NTSPP – 345 – Big Dave's Crossword Blog
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NTSPP – 345

NTSPP – 345

A Puzzle by Radler

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The puzzle is available by clicking on the above grid.

Radler up to his usual trickiness but this time with a fairly obvious theme, for those of us who live in the UK anyway.


1a           Wait barely a moment before having a wee (4,1,6)
JUST A MINUTE An adverb meaning barely, A (from the clue) and a synonym for wee in the sense of very small


7a           Suspicion of Woman’s Hour over before explanation (3)
HOW The abbreviations for Hour and Over go before the abbreviation for (suspicion of) Woman

9a           Values allude to minds, hearts must be turned (5)
ETHIC A reversal (must be turned) part of a verb meaning allude to into which is inserted (minds) the abbreviation for Hearts in a game of cards

10a         Fake emerald, good cut on the surface (9)
EPIDERMAL An anagram (fake) of EMERALD into which is inserted the two-letter word which someone (usually one of the Usual Suspects) always says “I didn’t know xx meant good”

11a         Anticipation of 26 station on 28 (8)
FORECAST To solve this one, you need to have solved 28a and 26d.  Homophones (on 26) of the solution to 28d and a social station or standing in society

12a         Do insects occasionally get together to form circles? (5)
DISCS The occasional letters of Do InSeCtS

14a         I’m tired? Not I, taken by surprise! (8)
 AMBUSHED Remove the I (not I) from an informal way you might say you were tired.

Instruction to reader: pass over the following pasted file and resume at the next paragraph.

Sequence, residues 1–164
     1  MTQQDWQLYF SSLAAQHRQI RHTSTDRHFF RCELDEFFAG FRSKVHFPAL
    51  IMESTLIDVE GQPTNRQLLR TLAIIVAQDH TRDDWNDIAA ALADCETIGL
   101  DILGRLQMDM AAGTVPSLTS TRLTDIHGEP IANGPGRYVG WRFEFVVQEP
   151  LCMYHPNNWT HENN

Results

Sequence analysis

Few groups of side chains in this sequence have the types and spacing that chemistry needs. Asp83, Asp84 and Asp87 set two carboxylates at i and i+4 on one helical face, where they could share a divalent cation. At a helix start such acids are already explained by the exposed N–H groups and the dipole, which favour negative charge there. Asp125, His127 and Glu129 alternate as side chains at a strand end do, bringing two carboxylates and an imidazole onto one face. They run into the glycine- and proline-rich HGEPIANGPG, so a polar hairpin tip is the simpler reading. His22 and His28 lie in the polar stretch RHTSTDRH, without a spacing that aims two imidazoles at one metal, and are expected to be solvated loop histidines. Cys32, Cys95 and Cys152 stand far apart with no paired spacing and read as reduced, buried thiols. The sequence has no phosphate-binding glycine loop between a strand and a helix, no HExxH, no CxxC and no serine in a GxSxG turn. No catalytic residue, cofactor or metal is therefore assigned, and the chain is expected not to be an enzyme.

15a         Likely first-born male? (4-2)
ODDS-ON  Split your solution 3,3 and you’ll see how the ? works in this clue – the second born male you’d have would be an even …

18a         It’s principally dry with a scattering of trees (6)
DESERT The principal letter of Dry followed by an anagram (scattering) of TREES


20a         Plucky instrument curtailed alto; soprano ending it all (4-4)
HARA-KIRI Ceremonial Japanese suicide – a musical instrument played by plucking without its last letter (curtailed), the abbreviation for Alto and the Christian name of a famous soprano.

23a         Great deal provided by American F1 Team (5)
LOTUS A great deal followed by one of the abbreviations used to denote American

25a         Transportation of acquisitions one pocketed for nothing (8)
SHIPPING Change the I in another way of saying going out to make acquisitions (one pocketed) for an O (nothing)


27a         Fellow with three feet nets first of goals against United defender (9)
BODYGUARD An informal term for a man (fellow) and the measurement that equals three feet, the latter ‘netting’ the first letter of Goals and the abbreviation for United

28a         Set right: so long yet not so long (5)
RADIO The abbreviation for Right and a truncated (not so long) way of an interjection meaning ‘so long’